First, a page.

- Applying a Speed Change
- Editing with Fit to Fill
- Creating and Changing Speed Segments
- Using the Speed Tool
- Applying a Freeze Frame Effect
- Exploring the Motion Effects Tab
- Zooming the Image View
- Sizing and Positioning an Image
- Rotating an Image
- Cropping and Distorting an Image
- Creating and Nesting Comps
- Copying and Pasting Motion Attributes
- Creating a Motion Path
- Modifying a Motion Path
- Creating Favorite Motion Effects
- What Youve Learned
Creating and Nesting Comps
Using the Image+Wireframe mode in Final Cut Pro, it is easy to create multilayered motion effects, such as split screens or multiframe images. Once a multilayered effect or comp has been created, it is often convenient to nest the tracks so they can be more easily managed or edited.
In Avid, you combine elements you want to keep together, for ease of effects editing and rendering, by using the Collapse Tracks button. The FCP Nest Items command is not much different. It creates a container for any selected stack or stacks of footage and effects you want to keep together. Either way, when you create a nest, you are combining a group of clips together, either video or audio or both, that can be treated in the Timeline as a single clip. In FCP, as in Avid, you can create a nest from any number of tracks (vertically) and any number of clips (horizontally).
In both systems, you can step inside to edit or adjust and re-render. In FCP, nesting is a great way to add filters to multiple clips and preserve renders so you can freely trim or move a group of effects or clips without re-rendering.
Anatomy of a Split-Screen or Multiframe Image
In this image, all the clips are lined up on top of each other in the Timeline and will appear in the Canvas window together. The image of the dolphin in the bottom right was the first image sized and placed; note the number 1 above the center point of that image in the Canvas shown in the following screen shot. The image on the left was the second image placed; there is a 2 above its center point. This clip was cropped to include only the woman. The upper-right image was the third image to be placed. It was resized to fit the upper corner.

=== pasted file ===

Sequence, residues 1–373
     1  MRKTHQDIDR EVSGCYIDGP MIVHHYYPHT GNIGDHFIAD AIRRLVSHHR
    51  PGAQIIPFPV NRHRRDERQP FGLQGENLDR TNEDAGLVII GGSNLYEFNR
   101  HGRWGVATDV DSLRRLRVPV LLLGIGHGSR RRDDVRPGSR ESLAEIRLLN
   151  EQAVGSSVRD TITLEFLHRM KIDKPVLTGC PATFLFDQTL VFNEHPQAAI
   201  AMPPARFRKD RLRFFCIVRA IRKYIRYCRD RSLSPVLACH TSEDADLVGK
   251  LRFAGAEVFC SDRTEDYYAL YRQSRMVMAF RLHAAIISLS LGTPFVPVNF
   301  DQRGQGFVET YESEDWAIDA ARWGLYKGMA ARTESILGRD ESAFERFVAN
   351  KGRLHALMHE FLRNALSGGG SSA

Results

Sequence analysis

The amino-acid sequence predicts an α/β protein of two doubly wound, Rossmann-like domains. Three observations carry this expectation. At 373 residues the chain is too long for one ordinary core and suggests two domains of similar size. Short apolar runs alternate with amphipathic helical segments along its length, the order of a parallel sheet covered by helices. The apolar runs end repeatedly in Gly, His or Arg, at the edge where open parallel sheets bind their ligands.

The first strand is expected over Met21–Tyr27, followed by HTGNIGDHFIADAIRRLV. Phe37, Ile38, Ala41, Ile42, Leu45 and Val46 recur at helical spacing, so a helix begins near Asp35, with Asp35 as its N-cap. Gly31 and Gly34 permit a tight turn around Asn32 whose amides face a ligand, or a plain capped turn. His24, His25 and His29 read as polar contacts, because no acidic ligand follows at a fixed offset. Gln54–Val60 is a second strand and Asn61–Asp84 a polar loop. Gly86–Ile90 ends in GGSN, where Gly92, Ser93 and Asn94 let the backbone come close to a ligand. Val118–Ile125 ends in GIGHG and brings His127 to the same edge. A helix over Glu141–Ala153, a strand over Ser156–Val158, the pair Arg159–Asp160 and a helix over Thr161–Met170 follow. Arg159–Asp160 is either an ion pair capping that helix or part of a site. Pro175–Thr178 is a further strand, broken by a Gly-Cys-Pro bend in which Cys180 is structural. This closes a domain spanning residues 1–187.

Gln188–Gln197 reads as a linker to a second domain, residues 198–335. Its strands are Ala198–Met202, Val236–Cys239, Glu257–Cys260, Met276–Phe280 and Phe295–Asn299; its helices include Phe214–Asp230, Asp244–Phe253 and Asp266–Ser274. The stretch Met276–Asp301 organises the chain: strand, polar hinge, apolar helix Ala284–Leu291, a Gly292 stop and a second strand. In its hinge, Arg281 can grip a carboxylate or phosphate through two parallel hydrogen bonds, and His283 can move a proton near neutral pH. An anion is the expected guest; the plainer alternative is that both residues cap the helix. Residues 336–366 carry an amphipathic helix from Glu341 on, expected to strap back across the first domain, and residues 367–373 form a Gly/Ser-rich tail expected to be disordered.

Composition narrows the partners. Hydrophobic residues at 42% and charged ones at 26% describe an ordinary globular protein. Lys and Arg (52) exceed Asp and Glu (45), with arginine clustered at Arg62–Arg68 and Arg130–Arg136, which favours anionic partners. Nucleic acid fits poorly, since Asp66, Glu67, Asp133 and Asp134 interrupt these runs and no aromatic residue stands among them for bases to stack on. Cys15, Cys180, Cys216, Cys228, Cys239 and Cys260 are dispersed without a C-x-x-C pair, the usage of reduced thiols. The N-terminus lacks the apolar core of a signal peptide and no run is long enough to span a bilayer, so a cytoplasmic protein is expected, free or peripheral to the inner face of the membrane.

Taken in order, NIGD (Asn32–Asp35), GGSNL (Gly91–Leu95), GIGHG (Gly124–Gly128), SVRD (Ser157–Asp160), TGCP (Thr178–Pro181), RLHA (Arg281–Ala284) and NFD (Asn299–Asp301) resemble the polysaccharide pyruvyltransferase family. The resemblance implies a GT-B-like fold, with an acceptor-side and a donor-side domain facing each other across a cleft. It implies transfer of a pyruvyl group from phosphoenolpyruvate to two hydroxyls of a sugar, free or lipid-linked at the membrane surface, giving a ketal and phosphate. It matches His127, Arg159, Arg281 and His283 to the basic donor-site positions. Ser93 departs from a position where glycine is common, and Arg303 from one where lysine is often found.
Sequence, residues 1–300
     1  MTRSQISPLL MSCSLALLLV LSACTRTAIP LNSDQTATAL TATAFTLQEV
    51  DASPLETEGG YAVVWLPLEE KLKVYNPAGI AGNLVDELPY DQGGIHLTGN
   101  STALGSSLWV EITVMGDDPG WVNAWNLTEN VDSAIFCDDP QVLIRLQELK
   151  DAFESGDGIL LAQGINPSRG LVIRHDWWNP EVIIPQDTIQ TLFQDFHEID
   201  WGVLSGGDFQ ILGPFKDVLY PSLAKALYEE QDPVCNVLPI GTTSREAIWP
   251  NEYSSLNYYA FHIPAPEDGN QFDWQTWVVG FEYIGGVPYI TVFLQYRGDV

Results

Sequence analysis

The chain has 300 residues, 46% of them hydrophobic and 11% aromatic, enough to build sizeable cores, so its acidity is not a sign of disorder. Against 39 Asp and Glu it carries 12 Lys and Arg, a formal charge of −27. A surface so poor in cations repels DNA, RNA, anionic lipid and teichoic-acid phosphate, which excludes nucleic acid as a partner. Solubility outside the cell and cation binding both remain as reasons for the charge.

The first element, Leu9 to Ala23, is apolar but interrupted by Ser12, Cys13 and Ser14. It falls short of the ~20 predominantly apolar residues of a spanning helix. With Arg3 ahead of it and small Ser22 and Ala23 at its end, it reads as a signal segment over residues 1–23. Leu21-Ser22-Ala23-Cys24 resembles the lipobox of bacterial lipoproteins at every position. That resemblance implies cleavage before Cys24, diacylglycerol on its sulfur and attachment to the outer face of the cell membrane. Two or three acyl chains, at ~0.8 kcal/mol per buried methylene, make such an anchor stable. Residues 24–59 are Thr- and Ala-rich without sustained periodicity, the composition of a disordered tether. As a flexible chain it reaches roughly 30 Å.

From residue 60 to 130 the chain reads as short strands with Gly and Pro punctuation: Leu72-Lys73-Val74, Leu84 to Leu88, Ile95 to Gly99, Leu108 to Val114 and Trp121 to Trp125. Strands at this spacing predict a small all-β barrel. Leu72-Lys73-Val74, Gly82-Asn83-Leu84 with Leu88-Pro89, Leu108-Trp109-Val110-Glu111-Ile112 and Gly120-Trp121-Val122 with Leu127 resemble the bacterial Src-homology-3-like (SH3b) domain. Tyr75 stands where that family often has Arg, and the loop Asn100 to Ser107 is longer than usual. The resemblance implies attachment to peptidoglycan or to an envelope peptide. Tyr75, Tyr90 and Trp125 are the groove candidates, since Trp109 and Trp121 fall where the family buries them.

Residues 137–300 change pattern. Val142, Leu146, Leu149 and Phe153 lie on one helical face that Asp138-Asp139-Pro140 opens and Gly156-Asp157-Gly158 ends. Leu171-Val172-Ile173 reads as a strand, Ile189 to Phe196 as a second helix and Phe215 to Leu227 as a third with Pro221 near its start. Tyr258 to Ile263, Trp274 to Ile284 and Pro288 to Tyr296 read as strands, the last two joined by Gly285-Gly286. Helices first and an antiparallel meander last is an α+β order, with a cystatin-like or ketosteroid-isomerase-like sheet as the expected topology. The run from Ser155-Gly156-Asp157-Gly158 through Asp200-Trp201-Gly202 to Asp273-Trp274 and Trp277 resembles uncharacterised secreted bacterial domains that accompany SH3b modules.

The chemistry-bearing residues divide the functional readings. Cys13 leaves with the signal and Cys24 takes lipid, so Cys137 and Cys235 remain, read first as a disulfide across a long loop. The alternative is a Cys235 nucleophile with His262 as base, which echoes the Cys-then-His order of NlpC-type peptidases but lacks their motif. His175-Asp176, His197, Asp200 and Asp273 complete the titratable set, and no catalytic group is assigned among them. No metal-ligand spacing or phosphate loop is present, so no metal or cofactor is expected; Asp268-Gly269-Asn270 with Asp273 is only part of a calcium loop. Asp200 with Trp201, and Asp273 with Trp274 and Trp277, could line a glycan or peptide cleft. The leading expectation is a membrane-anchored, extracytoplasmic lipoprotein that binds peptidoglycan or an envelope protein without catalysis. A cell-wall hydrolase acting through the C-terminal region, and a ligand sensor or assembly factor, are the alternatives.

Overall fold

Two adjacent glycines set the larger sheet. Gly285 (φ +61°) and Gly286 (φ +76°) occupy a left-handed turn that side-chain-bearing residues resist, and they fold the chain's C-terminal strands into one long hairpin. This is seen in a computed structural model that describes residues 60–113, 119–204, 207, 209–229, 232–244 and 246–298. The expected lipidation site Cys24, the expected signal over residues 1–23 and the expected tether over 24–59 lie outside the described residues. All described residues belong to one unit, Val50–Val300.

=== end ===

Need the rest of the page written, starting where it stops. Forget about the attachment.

To create a split-screen or multiframe image:
As you select your images, keep in mind the layout of the screen and the design of your effect. Select images that you don’t have to scale up too much, or you might get an unwanted pixilated look. Scaling down isn’t a problem unless an image has too much detail to see clearly at a smaller scale. You will probably want to work with the Title Safe overlay on so you can monitor the Action Safe area, which is represented by the outer box.
- Open each image in the Viewer and select marks. If this is a video-only effect, unpatch the audio source controls in the Timeline.
- Edit each image on the next available video track on the Timeline.
- Make sure Image+Wireframe mode is active in the Canvas.
- Scale each image smaller by dragging one of its corner handles. (If necessary, change the Canvas viewing zoom size to 50 percent or smaller to see the outer edges of the images.)
- Position each image by dragging it into place, using the outer square of the Title Safe overlay as a reference for the Action Safe area.
- Select the Crop tool (C) and drag each side of every image that needs cropping.
- If necessary, apply a Flop video filter (Effects > Video Filters > Perspective > Flop) so the images face the desired direction.
- Toggle on Drop Shadow for one of the clips, and set the parameters. Then copy that clip and paste just those attributes to the other split-screen clips.
To nest the clips from the split-screen image:
- Select all three clips in the Timeline.
- Choose Sequence > Nest Items, or press Option-C.
- In the Nest Items dialog, title the nest, select the appropriate aspect ratio information, and click OK.
- To make changes to the original stack of nested clips, double-click the nest in the Timeline. A sequence automatically opens displaying the clips in their original configuration.
The new nested sequence appears in both the Timeline and in the Browser.
When you make changes to the clips, those changes appear immediately in the nest in the parent sequence.